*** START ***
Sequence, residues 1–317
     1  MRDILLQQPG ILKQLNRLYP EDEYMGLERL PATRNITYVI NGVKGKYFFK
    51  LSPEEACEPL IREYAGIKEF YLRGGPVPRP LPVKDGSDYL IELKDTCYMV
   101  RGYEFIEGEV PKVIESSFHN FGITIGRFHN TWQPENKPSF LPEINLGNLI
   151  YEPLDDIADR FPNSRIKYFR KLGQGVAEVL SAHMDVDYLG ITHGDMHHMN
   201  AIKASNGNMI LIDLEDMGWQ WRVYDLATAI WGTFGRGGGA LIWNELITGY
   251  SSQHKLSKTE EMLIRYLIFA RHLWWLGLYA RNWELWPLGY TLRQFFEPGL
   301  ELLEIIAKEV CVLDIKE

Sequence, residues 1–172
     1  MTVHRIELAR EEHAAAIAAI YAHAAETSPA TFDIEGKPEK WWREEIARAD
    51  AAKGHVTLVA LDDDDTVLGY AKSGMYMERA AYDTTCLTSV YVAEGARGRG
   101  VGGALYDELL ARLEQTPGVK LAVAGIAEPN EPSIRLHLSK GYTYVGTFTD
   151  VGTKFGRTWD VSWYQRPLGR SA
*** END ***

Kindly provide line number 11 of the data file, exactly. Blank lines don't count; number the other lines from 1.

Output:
    51  AAKGHVTLVA LDDDDTVLGY AKSGMYMERA AYDTTCLTSV YVAEGARGRG